A note of amendment.
It's come to my attention since I initially wrote this, that I've been listening to the album at the wrong speed. Not once, no, not twice, no, but on several occasions. Now I realise, it's obvious....now I realise! Yes, I know, I'm a chump, and it renders my musings on 'Songs from 1001 Nights' the ramblings of a mental. Though it does show that some music can be played and enjoyed at the wrong speed (or as I'm going to suggest, a 'different' speed) and still be well worth listening to. I enjoyed the album I thought I heard, I felt it had merit, really droney merit in retrospect. But still. I was going to delete this post, then thought, naw. So, I'm looking at it positively, now I've got 2 versions of an album for the price of one. Stop taking the piss, I didn't have to tell you.

Wednesday, 10 January 2018

Stir crazy!

First day out of the house after nearly 2 weeks of proper bed ridden flu, well, other than a couple of brief tripped out and nauseated outings to the food fortress, shit doesn't get done if I don't do it. Man, I hate being ill. Today was the first time I'd felt near (only near) human enough to venture out in to the woods. And as if in support, the sun shone, as wrapped in many layers, buffs and topped with a thick beanie, I stumbled coughing through the stands. The forest was beautiful, I stood breathing in the fresh clear air, so refreshing after the thick muggy air of inside, whilst above me the ancient beech and oak of Mark Ash towered reaching for the sky, it's interesting to note how often you see an Oak and a Beech planted together out here in the forest. Ah, healing nature, you can really feel it. My wander only lasted about 25 minutes before, although I wanted to continue, I knew it would probably be to my detriment if I walked further. You notice as you get older, lurgies last longer and you don't bounce back quite as quickly. It's hard to accept, though it is how it is. Well, it's nearly 2 weeks into January and now everything's behind, I'm always trying catch up as it is, better get a shuffle on.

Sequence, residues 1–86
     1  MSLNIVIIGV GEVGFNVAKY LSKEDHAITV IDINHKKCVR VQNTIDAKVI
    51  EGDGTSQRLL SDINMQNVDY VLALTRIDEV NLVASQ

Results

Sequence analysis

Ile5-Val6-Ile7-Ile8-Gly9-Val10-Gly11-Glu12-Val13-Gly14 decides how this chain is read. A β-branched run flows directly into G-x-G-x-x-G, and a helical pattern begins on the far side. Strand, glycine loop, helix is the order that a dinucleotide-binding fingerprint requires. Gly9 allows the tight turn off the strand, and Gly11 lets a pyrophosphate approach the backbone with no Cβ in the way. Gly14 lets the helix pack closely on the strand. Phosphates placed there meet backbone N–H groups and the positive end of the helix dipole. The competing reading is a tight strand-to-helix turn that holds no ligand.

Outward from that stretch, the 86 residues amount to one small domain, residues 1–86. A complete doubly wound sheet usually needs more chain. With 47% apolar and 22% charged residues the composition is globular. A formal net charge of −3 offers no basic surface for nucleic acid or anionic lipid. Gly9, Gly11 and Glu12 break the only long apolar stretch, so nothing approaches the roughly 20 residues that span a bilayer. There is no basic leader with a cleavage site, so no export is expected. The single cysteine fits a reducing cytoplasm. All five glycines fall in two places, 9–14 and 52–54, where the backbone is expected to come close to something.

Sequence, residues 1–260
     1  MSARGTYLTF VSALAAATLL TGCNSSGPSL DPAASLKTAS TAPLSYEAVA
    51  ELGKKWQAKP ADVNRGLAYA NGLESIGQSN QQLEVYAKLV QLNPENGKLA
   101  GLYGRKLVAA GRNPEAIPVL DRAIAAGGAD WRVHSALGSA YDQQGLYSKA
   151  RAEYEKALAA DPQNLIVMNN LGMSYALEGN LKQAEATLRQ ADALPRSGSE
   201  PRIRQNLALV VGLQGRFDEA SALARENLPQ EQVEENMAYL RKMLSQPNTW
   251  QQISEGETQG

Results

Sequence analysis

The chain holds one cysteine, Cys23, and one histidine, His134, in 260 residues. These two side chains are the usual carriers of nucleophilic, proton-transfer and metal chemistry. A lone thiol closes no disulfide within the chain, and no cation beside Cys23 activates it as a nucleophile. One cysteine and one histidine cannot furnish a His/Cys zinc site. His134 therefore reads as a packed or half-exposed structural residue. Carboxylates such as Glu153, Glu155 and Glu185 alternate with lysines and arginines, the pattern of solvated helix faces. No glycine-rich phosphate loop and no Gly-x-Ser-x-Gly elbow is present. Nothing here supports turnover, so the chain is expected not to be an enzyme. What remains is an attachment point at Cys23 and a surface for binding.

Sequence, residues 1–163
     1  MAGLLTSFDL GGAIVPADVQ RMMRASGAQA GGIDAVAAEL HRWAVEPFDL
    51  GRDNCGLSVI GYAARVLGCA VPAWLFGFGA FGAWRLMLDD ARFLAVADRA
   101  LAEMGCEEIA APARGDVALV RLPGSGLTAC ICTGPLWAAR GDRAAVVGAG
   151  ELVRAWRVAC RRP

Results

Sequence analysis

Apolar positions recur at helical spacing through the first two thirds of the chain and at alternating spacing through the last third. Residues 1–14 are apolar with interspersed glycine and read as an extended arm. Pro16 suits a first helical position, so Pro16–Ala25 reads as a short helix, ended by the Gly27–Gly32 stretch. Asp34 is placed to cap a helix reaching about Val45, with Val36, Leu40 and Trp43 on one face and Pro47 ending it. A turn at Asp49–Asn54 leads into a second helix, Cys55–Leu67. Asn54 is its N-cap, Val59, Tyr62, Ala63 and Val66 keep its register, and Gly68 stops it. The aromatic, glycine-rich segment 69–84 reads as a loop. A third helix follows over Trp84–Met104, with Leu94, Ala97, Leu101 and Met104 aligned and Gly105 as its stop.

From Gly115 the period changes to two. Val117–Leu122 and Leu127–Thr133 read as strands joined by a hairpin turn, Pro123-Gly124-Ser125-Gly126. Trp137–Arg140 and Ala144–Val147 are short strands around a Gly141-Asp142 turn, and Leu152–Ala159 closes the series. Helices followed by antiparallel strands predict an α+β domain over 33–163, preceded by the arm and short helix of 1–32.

Friday, 5 January 2018

On the twelfth day of Christmas

On the twelfth day of Christmas music gave itself to me. Music is the gift that just keeps on giving. Music is the first thing I put on most mornings, and the last thing I turn off at night. It makes me dance around the house when I'm doing the chores, and sends my spirit soaring. It offers me solace and comfort when life's bearing down. It's always there, indelibly linked to my memories, and is forever triggering reminiscences, which in turn normally bring a smile. If music is the food of life, then I'm a unrepentant greedy bastard, and I'm going to carry on gorging myself whilst there food on the table. I wondered what track I could attach to this post, of course it was obvious, it had to be a bit of Todd, what with him being feckin ace. Enjoy.

Thursday, 4 January 2018

On the eleventh day of Christmas